"Ah. I'd wondered but didn't get a good look at the Yule party." Julian lifted the shining red pistol in both hands. "Haven't seen one in years."
"It's an antique?" Mac crowded closer, obviously intrigued now.
"Oh, no, no, no. State of the art. But they're usually custom jobs. I do wonder where Shaxy picked this one up." Julian replaced it in the case. "Dual ordinance Trema is what you have here. Capable of firing plasma charges or projectiles with equal accuracy. Enormous stopping power for such a small weapon." He flashed his brightest smile. "Shall we go?"
"Now?" Heckle's squeak echoed down the corridors and he clapped a hand over his mouth.
Julian's eyes sparkled. "Or you could call my assistant and make an appointment. Now's fine if it's convenient for you gentlemen."
"Not me." Mac took a step back, shaking his head. "This is for Heckle. Concentrate on him."
"Heckle, you take that arm." Julian hooked an arm through Mac's and waited until Heckle had a hold on the other. "His demonic highness said everyone, yes? Or are you suggesting that I can't handle more than one at a time?"
"Never that, Agent Parallax," Mac said with his rumbling chuckle. "I'm sure you're an unparalleled multi-tasker."
Unparalleled Parallax… Was Mac making some kind of pun? That wasn't really a pun, was it? Heckle couldn't ask now, though. The conversation had moved on and he'd lost the chance to ask. That didn't make him as anxious as it used to. It didn't bother him when Julian flirted with Mac, either. Julian flirted with everyone. Except Verin, who acted like he hated Julian. Heckle was pretty sure they just liked snarking at each other.
A quick tube ride from the spaceport, the range was bigger than Heckle could've imagined. Made sense, he imagined, since crime lords and syndicates controlled the city domes of Barbary. Lots of bodyguards and mercenaries who had to keep up on important skills. Still, he thought the grenade launcher firing lanes were kind of overkill.
Julian signed them in, procured a plasma pistol for Mac and registered Heckle's pistol with the range master, who fussed and cooed over it like it was a cute kitten or something. I guess if weapons are your job, it is pretty cute.
"All right, gentlemen. Have either of you been on a firing range before?" Julian asked before they entered the lanes.
"Been a long time," Mac admitted.
Heckle shook his head.
"Quick review of rules, then." Julian waved a hand at the people firing at targets. "Weapons ranges are, for those of us in the industry, sacred spaces. You may have rivals from several sides of a conflict here today but no violence will happen here. Somewhat ironic, I know. But no one breaks the rules because no one wants to be banned."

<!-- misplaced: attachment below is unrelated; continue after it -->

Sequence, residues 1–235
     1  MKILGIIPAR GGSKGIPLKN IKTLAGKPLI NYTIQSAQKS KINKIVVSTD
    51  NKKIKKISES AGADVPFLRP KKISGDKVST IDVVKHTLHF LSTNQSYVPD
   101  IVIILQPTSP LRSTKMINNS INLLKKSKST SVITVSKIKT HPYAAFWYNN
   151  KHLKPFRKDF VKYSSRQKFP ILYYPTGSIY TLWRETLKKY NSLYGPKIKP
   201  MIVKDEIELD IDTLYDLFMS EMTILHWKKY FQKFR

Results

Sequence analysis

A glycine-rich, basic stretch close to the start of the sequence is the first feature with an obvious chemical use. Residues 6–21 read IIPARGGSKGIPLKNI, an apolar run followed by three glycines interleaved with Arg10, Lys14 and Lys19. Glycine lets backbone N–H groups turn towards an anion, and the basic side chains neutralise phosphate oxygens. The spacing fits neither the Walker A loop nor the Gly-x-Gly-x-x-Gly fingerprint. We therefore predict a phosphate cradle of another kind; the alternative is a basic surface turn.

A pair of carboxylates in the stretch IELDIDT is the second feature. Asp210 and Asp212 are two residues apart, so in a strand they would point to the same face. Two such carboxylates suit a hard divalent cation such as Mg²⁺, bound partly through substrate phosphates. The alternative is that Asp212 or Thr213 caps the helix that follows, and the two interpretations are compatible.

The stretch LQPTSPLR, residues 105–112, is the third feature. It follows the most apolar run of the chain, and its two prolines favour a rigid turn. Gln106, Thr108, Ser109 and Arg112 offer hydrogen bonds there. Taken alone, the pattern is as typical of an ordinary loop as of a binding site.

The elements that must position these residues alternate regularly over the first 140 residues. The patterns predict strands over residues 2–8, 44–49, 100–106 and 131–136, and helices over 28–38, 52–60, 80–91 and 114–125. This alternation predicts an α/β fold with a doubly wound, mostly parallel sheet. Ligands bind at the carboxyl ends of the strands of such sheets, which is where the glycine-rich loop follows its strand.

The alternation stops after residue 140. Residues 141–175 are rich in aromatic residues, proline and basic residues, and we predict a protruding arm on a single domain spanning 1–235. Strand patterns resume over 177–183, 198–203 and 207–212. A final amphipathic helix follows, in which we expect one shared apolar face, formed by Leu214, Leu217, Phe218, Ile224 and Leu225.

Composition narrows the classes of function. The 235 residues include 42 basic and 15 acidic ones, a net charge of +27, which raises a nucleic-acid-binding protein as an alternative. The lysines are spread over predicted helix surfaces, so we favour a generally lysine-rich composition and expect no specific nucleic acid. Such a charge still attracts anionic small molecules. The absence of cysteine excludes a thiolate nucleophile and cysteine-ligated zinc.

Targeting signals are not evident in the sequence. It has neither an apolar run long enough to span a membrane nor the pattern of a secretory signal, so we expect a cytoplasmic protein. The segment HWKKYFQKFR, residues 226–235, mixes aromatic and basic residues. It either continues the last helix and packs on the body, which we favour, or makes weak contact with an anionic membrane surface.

"We won't shoot anyone," Heckle blurted out.
"I know, my dear imp." Julian patted his shoulder. "I want you to feel safe, too. Weapons stay in their cases until you are in your lane. Muzzle pointed downrange at all times. If you hear cease fire on the comm system, weapons down on the bench. Easy enough?"
It wasn't much to remember. Heckle managed a nod, excitement and anxiety warring in his stomach. Most of the anxious little knots were old ones. Leftover fear that someone would yell at him for touching things he had no right to. But this was his weapon, given to him by his captain and today, an interstellar government assassin was his instructor.
Mac leaned down to give him a soft kiss before they separated to side-by-side lanes. "Just do your best, little bit. You'll be fine."
Heckle waited in his lane, struggling not to fidget with his pistol's case, while Julian got Mac set up and practicing. So much to watch, but Heckle focused on Mac and how all this worked. There were holo targets at the ends of each lane, adjustable, it looked like, so they could appear closer or farther away. The silhouette shapes disturbed him a little—Heckle didn't want to think about shooting people until he had to—but Mac seemed to take it in stride. He took his five shots, put his pistol on the bench (muzzle facing downrange) and checked the screen on his right.
Three of five, the computer stated in a cheerful voice while the screen showed the hits, two on the torso, one clipping the shoulder.
"Not bad at all, sir, for claiming to be rusty." Julian beamed and clapped Mac on the arm. "Keep at it. Remember, center mass. Heads are too chancy to aim for."
"Unless you're you," Mac said with a sidelong glance at Julian.
Julian's smile only widened. "Exactly. Unless you're me."